SC: A probate proceeding is ultimately a matter of conscience of the Court

The Hon’ble Supreme Court, on 19th May 2020, in the Kavita Kanwar v. Mrs. Pamela Mehta & Ors. held that the probate proceeding is ultimately a matter of conscience of the Court, the propounder, in every matter for grant of probate, irrespective of opposition or even admission by any party, is required to satisfy the conscience of the Court, with removal of suspicious circumstances, if any.

The Hon’ble Supreme Court observed that:

When the Will is surrounded by suspicious circumstances, the Court would expect that the legitimate suspicion should be removed before the document in question is accepted as the last Will of the testator. (Para 23.2)

The probate proceeding is ultimately a matter of conscience of the Court; and irrespective of whether any plea in opposition is taken or not, a propounder of Will is required to satisfy the conscience of the Court with removal of all the suspicious circumstances. By the very nature and consequence of this proceeding, filing or non-filing of written statement or objections by any party pales into insignificance and is of no effect. The probate proceeding is not merely inter-partes proceeding but leads to judgment in rem and, therefore, even when no one contests, it does not ipso facto lead to grant of probate. The probate is granted only on proof of Will as also on removal of suspicious circumstances, if there be any, to the final satisfaction of the conscience of the Court. (Para 25.1)

Reference to the provisions of Order VIII Rule 10, Order XIV Rule 1(6) and Order XV Rule 2  of CPC, remains inapposite in relation to the proceeding before a Probate Court. (Para 25.2)

Even in a regular civil suit, merely for want of written statement by a defendant, it is not necessary that a judgment would always follow in favour of the plaintiff without proof of the basic facts and without making out a clear case of right to relief. (Para 25.2)

Even in a regular civil suit, mere non-filing of written statement by the defendant does not always lead to a judgment in favour of the plaintiff. Noteworthy it is that regular civil suit usually leads to a judgment inter-partes and not in rem. Even then, the requirement of proof is not obviated. (Para 25.4)

When the proceeding is solemn in nature like that for probate, which leads to judgment in rem, it is beyond the cavil that mere non-filing of caveat or opposition is not decisive of the matter. The propounder, in every matter for grant of probate, irrespective of opposition or even admission by any party, is required to satisfy the conscience of the Court, with removal of suspicious circumstances, if any. (Para 25.4)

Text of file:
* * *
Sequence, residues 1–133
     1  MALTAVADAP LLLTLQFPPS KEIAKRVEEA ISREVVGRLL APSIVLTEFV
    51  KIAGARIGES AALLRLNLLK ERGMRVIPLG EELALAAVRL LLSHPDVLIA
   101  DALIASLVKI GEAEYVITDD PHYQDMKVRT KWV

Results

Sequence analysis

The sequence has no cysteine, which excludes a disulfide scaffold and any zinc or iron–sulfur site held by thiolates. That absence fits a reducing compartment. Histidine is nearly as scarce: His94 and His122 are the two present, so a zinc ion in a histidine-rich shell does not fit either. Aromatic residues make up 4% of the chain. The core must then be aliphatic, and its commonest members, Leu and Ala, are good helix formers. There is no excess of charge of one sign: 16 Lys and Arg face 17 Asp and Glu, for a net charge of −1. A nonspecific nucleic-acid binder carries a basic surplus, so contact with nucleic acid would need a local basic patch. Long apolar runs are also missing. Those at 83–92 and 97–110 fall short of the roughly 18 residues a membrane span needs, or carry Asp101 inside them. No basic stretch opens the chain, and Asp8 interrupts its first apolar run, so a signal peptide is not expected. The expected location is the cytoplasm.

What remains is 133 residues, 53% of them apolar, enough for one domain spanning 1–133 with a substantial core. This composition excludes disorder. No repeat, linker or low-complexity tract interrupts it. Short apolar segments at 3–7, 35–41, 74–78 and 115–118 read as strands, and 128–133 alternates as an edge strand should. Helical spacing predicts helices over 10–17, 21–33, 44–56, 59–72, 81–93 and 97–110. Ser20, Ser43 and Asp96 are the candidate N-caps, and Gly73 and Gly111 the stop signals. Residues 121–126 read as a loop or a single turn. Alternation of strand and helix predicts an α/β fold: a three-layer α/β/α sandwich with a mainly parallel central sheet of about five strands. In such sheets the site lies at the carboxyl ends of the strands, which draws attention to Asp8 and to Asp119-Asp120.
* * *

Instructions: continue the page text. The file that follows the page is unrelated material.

(a) that the major beneficiary played an active role in execution of the Will in question and attempted to conceal this fact before the Court;

(b) that there had not been any plausible reason for non-inclusion of the only son and other daughter of the testatrix in the process of execution of the Will and for excluding them from the major part of the estate in question;

(c) that the manner of writing and execution of the Will with technical and legal words was highly doubtful; and

(e) that the attesting witnesses were unreliable and there were contradictions in the statements of the witnesses.

Any of the factors, by itself and standing alone, cannot operate against the validity of the propounded Will. In other words, an individual factor may not be decisive but, if after taking all the factors together, conscience of the Court is not satisfied that the Will in question truly represents the last wish and propositions of the testator, the Will cannot get the approval of the Court; and, other way round, if on a holistic view of the matter, the Court feels satisfied that the document propounded as Will indeed signifies the last free wish and desire of the testator and is duly executed in accordance with law, the Will shall not be disapproved merely for one doubtful circumstance here or another factor there. (This inference has been drawn on the basis of Para 27)

An unfair disposition of property or an unjust exclusion of the legal heirs, particularly the dependants, is regarded as a suspicious circumstance. (Para 29.2)

An active or leading part in making of the Will by the beneficiary thereunder has always been regarded as a circumstance giving rise to suspicion but, like any other circumstance, it could well be explained by the propounder and/or beneficiary. (Para 29.3)

Sanctity attached to a bequeath in the handwriting of the testator presupposes a co-ordinated work of a free hand and a free mind, that is, the hand writes what comes out of and given by the mind. (Para 29.5.2)

No one can convey a better title than what he had; as expressed in the maxim: ‘Nemo dat quod non habet (Para 30.6)

Copy of judgement: Judgement_19-May-2020

-Adv. Tushar Kaushik

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